Icehotel 365

The release of the sketches for the next Icehotel is always an exciting moment in the year. 


A sketch of a house of cards themed room, by Stephanie Knoedler and Martina Eriksson

The creations for 2016 appear to be typically weird and wacky. A room shaped like a house of cards, another in which the bed appears to float on waves of ice, even a room designed as an emotion – a whirl of passionate thoughts.

More than 40 artists from around the world will be involved in the creation of the hotel, which is built from a staggering 5,000 tons of ice harvested from the Torne River at Jukkasjärvi early in spring. As well as 55 bedrooms, it will feature a chapel, bar, hall and gallery.

I’ve seen some great sculptures over the years, though my favourite was perhaps one of the more conventional, a London Underground train. It won me over on nostalgia alone, because I used to live in the city. I’ve seen the artists in action, too. Their deft use of the tools, the way they work the snice – snow and ice combined – is something to behold.

Yet, while the Icehotel’s imaginative designs will always capture the public’s attention, the big news this year isn’t so much about the seasonal Icehotel but the new permanent structure, Icehotel 365, which will be built alongside the original and is due to open on 1 November.


A CGI drawing of Icehotel 365 during winter. Credit: Icehotel

Icehotel 365 will have 22 rooms and suites, an ice bar, sculpture gallery and studio, and an event space. Run on solar power, harnessed from the Midnight Sun, Icehotel 365 will combine sustainable energy with state-of-the-art architecture. The structure will be covered by a green turf roof, planted with Arctic flowers and varieties of grass, which rests on metal sheets to protect the building’s insulation and keep in the cold air. The arched inner ceiling will have built-in chilling tubes, maintaining a temperature of -5°C, and the inner walls will be covered in snow. Just like the classic winter-only structure, Icehotel 365 will be decorated with sculptures made from ice, and will offer guests the option of cold and warm rooms.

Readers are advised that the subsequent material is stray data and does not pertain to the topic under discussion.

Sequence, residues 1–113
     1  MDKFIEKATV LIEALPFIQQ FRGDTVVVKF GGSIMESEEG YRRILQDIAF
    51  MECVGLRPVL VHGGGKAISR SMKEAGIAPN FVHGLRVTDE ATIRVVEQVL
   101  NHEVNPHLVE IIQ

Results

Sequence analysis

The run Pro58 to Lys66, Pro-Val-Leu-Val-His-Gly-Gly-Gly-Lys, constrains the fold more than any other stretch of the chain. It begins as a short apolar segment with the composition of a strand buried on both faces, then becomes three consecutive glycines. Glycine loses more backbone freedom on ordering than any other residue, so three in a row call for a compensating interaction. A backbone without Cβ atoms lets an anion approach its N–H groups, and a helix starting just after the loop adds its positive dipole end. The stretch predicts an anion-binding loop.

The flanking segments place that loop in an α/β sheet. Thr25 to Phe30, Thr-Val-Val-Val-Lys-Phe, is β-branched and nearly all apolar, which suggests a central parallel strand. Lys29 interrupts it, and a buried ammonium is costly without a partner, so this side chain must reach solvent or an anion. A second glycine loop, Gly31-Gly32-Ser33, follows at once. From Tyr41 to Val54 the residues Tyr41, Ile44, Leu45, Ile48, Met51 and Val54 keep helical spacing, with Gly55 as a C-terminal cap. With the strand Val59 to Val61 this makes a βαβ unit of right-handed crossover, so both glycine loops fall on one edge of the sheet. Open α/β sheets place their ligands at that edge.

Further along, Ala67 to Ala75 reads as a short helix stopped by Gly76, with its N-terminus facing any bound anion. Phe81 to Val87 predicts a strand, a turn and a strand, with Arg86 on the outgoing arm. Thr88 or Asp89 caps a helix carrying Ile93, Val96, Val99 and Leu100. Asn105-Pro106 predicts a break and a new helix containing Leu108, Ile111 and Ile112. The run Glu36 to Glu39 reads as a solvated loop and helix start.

It’s too early to tell whether Icehotel 365 will capture the imagination of holidaymakers. With thousands of visitors making the trip here each winter, this extra capacity for cold rooms will certainly be welcome. But it also has the potential to open up the area to more visitors in summer. While Icehotel already has the infrastructure in place to host summer clients – and there are other hotel beds standing empty outside the main winter season – Icehotel 365 is likely to raise the profile of the area and could give it a well-needed boost at this time of year. That can only be good, because a more consistent stream of visitors will provide year-round jobs in tourism, improve customer service, and encourage a better standard of local infrastructure.


A CGI drawing of Icehotel 365 during summer. Creidt: Icehotel

One thing Icehotel 365 is sure to deliver is certainty in the uncertain world of global warming. For us, it offers a guarantee that customers visiting at the end and beginning of the season will be able to stay in an ice room. So far, that has been at the whim of Mother Nature.

It may seem odd to be looking at sketches of a hotel made of ice when summer is barely over. But at Simply Sweden we’ve been selling holidays to this year’s Icehotel since January – it’s all about the limited availability of flights and cold rooms. In fact, Icehotel is one of our bestsellers; we run four separate holidays here and also tailor trips as far flung as northern Norway and the Lofoten Islands to include a trip here, too.

This year we have partnered the Icehotel with some wilderness cabins on Lake Láddjujávri, in the shadow of Sweden’s highest mountain, Kebnekaise, which our guests will drive to on snowmobiles. These little rectangular wooden huts, also new this winter, are quite understated though the interiors have a touch of style. Most importantly, they have showers and electricity – now that’s what we call luxury in the true Arctic wilderness. 

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